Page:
Human rights and climate change: a fresh perspective

● By Karen Elizabeth McNamara ● Climate change has been considered under many lenses – economic, geopolitical, diplomatic and developmental. However, human rights are rarely considered. Instead, they are a peripheral concern for the diplomats, researchers and policy-makers working in the climate change field. This is a major oversight. Last month, the Intergovernmental Panel on Climate Change in its Fifth Assessment Report, recognised it is now beyond doubt that the global climate system is warming as a result of greenhouse gas emissions. How is climate change affecting the basic right of people to sustain their livelihoods across the planet? Climate change may bring sea level rise, increasing extreme weather such as flooding and drought, unpredictable seasons, the increasing spread of both water and vector borne diseases, greater water shortages and rising concerns over food security. All of these gravely threaten people’s human rights: access to safe and adequate food and water, and the rights to information, justice, security, and culture. The Universal Declaration of Human Rights, along with the eight international and legally-binding human rights conventions, protect human rights. For instance, the right to livelihoods and subsistence is enshrined in the United Nations Declaration of Human Rights in Article 25, which states that “Everyone has the right to a standard of living adequate for the health and well-being of himself and of his family, including food, clothing, housing and medical care and necessary social services”. This makes clear that people should not be deprived of their livelihood. In 2008 the United Nations Human Rights Council said climate change “poses an immediate and far-reaching threat to people and communities around the world” ...Zum vollständigen Artikel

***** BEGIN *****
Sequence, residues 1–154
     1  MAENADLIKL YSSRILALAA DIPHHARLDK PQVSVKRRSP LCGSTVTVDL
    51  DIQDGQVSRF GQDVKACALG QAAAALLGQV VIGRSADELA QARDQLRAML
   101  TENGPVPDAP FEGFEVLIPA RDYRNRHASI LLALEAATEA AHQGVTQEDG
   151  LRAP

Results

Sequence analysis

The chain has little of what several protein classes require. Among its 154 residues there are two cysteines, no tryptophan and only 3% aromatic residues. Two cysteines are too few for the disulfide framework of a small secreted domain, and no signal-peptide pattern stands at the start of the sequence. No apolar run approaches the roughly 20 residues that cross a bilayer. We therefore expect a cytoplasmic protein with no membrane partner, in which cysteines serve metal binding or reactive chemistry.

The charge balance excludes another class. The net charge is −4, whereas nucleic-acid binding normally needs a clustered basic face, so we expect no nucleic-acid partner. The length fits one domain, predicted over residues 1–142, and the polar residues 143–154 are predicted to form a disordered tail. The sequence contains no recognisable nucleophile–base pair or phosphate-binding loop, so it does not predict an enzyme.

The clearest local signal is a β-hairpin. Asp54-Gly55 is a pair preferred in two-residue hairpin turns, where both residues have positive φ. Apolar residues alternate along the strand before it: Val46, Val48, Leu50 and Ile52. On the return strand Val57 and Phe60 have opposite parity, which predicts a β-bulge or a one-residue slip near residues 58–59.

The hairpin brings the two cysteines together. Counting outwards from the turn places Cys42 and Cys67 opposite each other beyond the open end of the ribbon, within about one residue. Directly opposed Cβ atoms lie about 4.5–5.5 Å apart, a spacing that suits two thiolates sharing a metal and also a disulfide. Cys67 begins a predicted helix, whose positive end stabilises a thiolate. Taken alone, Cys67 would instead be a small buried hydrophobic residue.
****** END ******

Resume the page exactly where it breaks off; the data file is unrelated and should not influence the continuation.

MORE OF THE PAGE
Cookies helfen bei der Bereitstellung unserer Dienste. Durch die Nutzung erklären Sie sich mit der Cookie-Setzung einverstanden. Mehr OK